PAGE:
As U.S. hotel occupancy reaches an all-time high, industry analysts are growing increasingly concerned about a concurrent drop in average daily rate (ADR) growth.
According to STR data, U.S. occupancy hit a record 66.1% in the first quarter of 2018. ADR gains, however, saw a dramatic dip beginning around 2014 into 2015 and have since stagnated. STR now predicts rates will increase 2.6% this year and 2.4% for 2019.
"There's a paradox, in that rate growth is anemic despite all-time-high occupancy levels, and despite the fact that there's been stronger ADR growth during high-occupancy periods in the past," said Carter Wilson, vice president, consulting and analytics for STR. He added that the steep discrepancy between the two metrics is unprecedented.
"Rates are growing, but they're only on pace with inflation at this point," he said. "And inflation is increasing."
Exactly why ADR growth is failing to climb remains a mystery, though Wilson said he believes it's most likely a confluence of several larger trends. He cites the growth of OTAs, for example, as one possible contributing factor.
"OTAs created a lot of transparency in pricing for the consumer, making it easy to rate-shop," Wilson said. "So by simple deduction, you can say that's been one of the causes, but that doesn't necessarily explain why we're seeing an even more pronounced divergence between occupancy and rate growth starting in 2014 and 2015."
ADR growth could also still be struggling to bounce back from the 2008 financial crisis, when hoteliers frantically cut rates in the face of plummeting occupancy. According to Wilson, customers might have since been "trained" to expect lower prices, making it more difficult for properties to return to higher rates post-recovery.
Jack Corgel, professor of real estate at Cornell University and CBRE Hotels senior adviser, speculated that current revenue management methods could be another culprit.
"Revenue managers are incentivized to boost occupancy at expense of rate," Corgel said. "So they're pushing the buttons to get higher occupancies, because they might get bonuses or other rewards if they can get 100% occupancy. So this makes them willing to drop rate and get as many people in the building as possible."
Maintaining high occupancy also works in a hotel's favor when it comes to loyalty program redemption policies. Generally speaking, the higher the occupancy is when a free stay is booked with points, the more likely a hotel will receive a larger reimbursement for that redemption.
Other factors that could be keeping ADR growth low include an overabundance of supply and the proliferation of home-sharing options.
"Cities are where you're seeing most of the supply growth and most of the Airbnb activity," Corgel said. He added that despite the phenomenon being widespread across all regions and hotel types, high-occupancy urban markets are seeing a somewhat more marked disparity between occupancy and ADR growth than suburban ones.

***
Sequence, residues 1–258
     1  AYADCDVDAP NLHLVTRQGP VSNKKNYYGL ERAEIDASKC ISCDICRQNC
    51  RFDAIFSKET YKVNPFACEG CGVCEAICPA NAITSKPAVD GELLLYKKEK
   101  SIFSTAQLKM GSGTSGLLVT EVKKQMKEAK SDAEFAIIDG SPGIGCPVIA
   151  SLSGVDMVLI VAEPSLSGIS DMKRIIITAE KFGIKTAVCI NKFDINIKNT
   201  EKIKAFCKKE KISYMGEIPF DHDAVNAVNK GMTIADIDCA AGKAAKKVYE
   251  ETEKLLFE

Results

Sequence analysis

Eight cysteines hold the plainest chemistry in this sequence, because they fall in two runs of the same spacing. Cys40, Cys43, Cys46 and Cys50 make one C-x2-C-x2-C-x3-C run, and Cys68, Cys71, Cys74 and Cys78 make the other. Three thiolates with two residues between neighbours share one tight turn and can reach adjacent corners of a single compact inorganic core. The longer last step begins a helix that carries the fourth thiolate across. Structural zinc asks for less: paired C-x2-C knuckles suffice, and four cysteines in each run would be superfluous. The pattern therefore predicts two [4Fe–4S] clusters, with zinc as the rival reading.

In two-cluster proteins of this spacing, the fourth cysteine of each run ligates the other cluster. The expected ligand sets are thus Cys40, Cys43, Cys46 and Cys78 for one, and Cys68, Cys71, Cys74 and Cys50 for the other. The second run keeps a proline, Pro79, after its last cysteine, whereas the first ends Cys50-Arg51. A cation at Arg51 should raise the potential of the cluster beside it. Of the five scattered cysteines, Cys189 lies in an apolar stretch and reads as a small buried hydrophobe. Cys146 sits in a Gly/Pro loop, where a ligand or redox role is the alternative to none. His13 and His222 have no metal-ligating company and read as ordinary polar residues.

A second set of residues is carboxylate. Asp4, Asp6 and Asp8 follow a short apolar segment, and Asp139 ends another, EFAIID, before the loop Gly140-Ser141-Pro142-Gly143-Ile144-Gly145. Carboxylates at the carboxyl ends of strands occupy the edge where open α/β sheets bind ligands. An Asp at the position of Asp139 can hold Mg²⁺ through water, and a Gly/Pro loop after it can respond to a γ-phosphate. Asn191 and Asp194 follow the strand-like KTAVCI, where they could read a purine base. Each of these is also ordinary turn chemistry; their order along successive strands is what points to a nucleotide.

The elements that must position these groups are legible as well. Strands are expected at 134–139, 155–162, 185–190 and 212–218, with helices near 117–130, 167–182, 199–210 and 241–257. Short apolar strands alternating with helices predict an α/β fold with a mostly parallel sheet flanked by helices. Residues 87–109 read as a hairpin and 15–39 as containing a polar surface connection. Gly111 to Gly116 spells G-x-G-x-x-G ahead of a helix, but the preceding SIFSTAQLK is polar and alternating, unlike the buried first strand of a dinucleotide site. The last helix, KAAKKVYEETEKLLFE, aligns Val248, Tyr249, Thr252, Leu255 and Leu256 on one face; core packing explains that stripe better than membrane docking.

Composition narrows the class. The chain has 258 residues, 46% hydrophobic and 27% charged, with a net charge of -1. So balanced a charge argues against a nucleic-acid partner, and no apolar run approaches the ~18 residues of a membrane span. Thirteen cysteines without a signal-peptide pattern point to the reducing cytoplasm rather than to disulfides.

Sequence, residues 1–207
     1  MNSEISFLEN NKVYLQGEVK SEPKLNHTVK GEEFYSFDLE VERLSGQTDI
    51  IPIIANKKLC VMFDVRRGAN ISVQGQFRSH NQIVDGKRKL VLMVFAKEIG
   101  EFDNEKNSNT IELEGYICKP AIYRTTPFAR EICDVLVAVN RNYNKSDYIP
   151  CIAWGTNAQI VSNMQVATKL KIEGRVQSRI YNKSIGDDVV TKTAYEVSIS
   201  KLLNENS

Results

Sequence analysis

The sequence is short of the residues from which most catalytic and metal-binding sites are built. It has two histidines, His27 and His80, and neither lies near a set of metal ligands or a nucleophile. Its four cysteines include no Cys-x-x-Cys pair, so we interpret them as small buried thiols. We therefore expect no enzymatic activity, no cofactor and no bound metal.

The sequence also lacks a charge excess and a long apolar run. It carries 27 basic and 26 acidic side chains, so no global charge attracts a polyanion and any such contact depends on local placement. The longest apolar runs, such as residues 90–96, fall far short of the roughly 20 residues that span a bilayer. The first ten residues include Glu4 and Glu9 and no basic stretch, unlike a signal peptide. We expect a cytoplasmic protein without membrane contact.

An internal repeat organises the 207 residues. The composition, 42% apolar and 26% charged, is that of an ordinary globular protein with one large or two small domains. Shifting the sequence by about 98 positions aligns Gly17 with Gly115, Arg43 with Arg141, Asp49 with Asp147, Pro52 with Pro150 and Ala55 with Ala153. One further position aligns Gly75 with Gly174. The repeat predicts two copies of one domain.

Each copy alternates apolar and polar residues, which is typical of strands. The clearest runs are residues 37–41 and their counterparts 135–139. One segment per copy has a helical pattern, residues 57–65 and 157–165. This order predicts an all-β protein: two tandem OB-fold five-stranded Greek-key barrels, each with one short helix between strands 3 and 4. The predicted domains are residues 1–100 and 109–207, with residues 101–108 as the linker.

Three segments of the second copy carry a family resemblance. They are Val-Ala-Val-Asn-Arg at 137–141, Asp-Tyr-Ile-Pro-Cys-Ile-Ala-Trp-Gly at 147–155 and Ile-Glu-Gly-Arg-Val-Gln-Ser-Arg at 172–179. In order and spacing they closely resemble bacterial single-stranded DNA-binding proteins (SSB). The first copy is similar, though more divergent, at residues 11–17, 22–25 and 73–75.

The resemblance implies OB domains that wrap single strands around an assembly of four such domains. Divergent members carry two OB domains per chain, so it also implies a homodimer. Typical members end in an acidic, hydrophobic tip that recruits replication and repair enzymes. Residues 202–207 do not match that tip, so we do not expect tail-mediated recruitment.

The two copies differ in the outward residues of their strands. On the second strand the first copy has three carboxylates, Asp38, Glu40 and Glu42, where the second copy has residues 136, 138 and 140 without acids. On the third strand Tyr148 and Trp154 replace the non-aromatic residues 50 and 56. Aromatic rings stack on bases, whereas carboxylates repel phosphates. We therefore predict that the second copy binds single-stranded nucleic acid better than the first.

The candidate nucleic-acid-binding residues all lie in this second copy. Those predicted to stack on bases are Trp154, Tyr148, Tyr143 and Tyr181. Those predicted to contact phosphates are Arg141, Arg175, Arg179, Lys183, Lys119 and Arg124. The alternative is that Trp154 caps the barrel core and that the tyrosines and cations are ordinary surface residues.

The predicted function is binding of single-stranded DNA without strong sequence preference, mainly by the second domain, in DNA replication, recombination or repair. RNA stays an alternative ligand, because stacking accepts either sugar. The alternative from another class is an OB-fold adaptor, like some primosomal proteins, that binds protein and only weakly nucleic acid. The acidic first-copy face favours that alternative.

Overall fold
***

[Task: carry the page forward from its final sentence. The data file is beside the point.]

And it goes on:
Even as both occupancy and demand remain robust, low ADR growth could spell trouble when it comes to driving profit, Wilson said, adding that focusing on occupancy at the expense of rate could give the industry cause for concern.
Also worrying is that occupancy's bull run could be nearing its end, with STR recently reporting that the U.S. hotel industry saw a year-over-year dip in occupancy for the first time in 12 months this July.
"Hotel and economic trends are cyclical, and we've nearly been in the longest expansion cycle in history," he said. "So everyone is trying to push profits while they can, but you're also battling against wages and payroll. Labor costs are a huge concern for the industry, and there's only so much you can expand in terms of occupancy; a lot of these hotels are effectively sold out, so they can't get more money by selling more rooms. So they have to do that by rate, and if they're unable to do that, then it's tougher to grow profit, even in the midst of this massive expansion cycle."
New service to Cancún and the Caribbean is a great excuse to book a flight for spring break — even if you're no longer a student. There's also no reason to wait until March — the Farmers' Almanac is predicting a long, cold and snowy winter, and a warm-weather getaway could be just what the doctor ordered.
There will also be new nonstop service between Cleveland and Tampa, Cincinnati and Orlando, Dallas and West Palm Beach, Dallas and Harlingen, and Houston and Lubbock.
Flights for travel through April 7, 2019, are now available on Southwest's website.